This hotel off an interstate is a posh one. I am composing in the living room of a suite and anthony is off in another room doing morning stretches before we dress, for a funeral. Down the road, Gertude Larkin, known as Aunt Jack to her friends and family is lying dressed in white, with a tiara on her head. I am told she looks beautiful. I do not look at the dead. I stayed in the house when my brothers and sisters "viewed" my mother five years ago; I will make meals, clean, drive guests, fetch, manage and organize, but the invitation to the funeral home, soundly rejected My mother had dancing grey eyes, silver curls around a wide smooth face. We have the same nose. That's my picture of her.
I met Aunt Jack only once, when she was 106 years old. Born in 1900, she would be 109 in January. People are sad, they knew it was coming, but always later, later. Edith, who is her neice, is brinking exhaustion after whirlwinded into making the arrangements, calling everyone, and being the answer-woman to everyone's questions, and yet she has tables covered with food, her make-up perfectly masqued, her hair sculpted.
At one point six children circle her as she sits at the table with the tv that is always on. One of the seven year old girls ask, "why do they drain the blood?"
"They have to honey, so the body can return to dust, we are made of dust." She quotes the Bible, reminding me of the Ash Wednesday ceremony of thumbprinting our heads, to remind us our lives are temporary, we have little time on this earth, make the most of it.
"I'm sad," another girl says.
They are at bit unsteadied by the tears around them, the sullen faces; the business that can't include children.
Aunt Jack had 108 years, she didn't have voting rights for sixty of those years. She saw two centuries turn (although she wasn't aware of one), and she would have seen the man who would become the first black president--at least we are counting on it. For folks like Aunt Jack.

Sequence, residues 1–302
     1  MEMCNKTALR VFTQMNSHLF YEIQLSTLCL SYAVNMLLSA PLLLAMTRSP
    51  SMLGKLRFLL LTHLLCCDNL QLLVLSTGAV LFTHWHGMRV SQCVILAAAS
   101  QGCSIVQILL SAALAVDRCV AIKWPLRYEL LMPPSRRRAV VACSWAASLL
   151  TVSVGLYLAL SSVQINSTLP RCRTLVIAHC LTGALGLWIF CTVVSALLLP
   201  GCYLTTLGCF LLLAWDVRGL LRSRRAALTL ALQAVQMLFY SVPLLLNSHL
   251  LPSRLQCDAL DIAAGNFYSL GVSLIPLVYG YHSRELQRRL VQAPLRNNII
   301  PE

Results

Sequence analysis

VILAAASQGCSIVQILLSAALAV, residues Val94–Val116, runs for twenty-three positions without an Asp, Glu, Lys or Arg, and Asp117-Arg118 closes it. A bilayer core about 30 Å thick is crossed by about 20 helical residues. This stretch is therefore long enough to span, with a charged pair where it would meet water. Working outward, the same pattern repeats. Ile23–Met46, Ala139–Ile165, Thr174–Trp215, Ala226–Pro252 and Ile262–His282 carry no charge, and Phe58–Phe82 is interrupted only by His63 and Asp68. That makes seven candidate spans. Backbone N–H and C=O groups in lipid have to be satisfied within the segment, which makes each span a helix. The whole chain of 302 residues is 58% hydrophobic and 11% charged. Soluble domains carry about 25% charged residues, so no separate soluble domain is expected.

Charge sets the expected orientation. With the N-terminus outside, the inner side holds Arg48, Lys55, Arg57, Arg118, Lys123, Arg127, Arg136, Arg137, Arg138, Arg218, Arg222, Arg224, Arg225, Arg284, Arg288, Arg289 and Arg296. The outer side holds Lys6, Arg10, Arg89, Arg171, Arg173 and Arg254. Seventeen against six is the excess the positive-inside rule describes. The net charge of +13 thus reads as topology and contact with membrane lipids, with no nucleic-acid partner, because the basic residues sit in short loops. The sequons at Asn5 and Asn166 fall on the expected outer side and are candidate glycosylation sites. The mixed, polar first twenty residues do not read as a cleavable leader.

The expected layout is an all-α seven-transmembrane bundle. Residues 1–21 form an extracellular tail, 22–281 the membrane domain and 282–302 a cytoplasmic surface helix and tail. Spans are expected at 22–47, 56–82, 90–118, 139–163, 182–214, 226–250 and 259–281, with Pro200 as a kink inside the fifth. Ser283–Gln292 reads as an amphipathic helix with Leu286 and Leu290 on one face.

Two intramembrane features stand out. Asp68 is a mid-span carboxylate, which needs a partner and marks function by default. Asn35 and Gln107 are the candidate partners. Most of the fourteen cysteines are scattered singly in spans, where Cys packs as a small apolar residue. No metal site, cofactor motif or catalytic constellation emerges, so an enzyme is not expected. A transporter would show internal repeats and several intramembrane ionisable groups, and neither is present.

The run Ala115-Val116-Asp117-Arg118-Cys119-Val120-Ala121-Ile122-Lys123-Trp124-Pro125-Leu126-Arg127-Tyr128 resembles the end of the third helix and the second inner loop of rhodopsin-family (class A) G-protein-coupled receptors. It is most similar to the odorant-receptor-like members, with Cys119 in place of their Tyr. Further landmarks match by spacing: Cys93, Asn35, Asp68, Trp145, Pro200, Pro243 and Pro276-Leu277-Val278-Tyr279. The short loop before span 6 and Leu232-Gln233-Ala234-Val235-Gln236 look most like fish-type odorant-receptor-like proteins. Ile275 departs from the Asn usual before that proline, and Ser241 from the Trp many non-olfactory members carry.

And all those days, how do we spend them, what purpose can we have in a life that is so long? It is like magic to wake up one day after another and have luxuries like hours to work, read, love, argue, dance, imagine, practice and pass wisdom onto other. I don't worry that I won't have long days, although I try to keep part of me ready; I worry about squandering the hours--too much work, not enough breathing clear air; too much purpose, not enough dreaming; too much dreaming and not accomplishing enough to make my life worth mention. And then the days seem short. Frantic
But today I'm thinking about dust, the temporariness of life and how much time we have. I pull on my skin and remember that it is an organ, like the heart, alive and pulsing:
What do I make of my dust
This crisp cloak that someday
Returns to the earth, how do
I measure the weight
Of my granules feel the shifting
Toward death arched along
My neckline crossing my chest
Looping rib and vertebrate
My heart beats a ripple across
The skin the lung inflate/deflate
This crust softened by fine hairs
And expensive lotions nerve
Fibers violining a restless music
Down my legs mounting joints
And skiing shins, ankles and feet
The aliveness of its hunger
Undercover, not insisting attention
Like eyes tongue and feet
And yet I feel its dust the desert
Composition canyon and mesa
Alive and dead at the same time
And what does this make me
Element upon element mineral
Mixed with platelets and papillae
Am I a mountaintop above tree
Line pulling my roots toward
Nourishment or an arroyo
Sunk into the abdomen
the sedimentary pelvis
of the desert. How do I stir
my earth into life?
This dust: here at the end
Of my fingertips shivers a cold
Anxiousness. Pulls toward
The sun to water to lupine
Begging for a nourishment
That only I can give in my wish
For a remarkable life.
Causes Elmaz Abinader Supports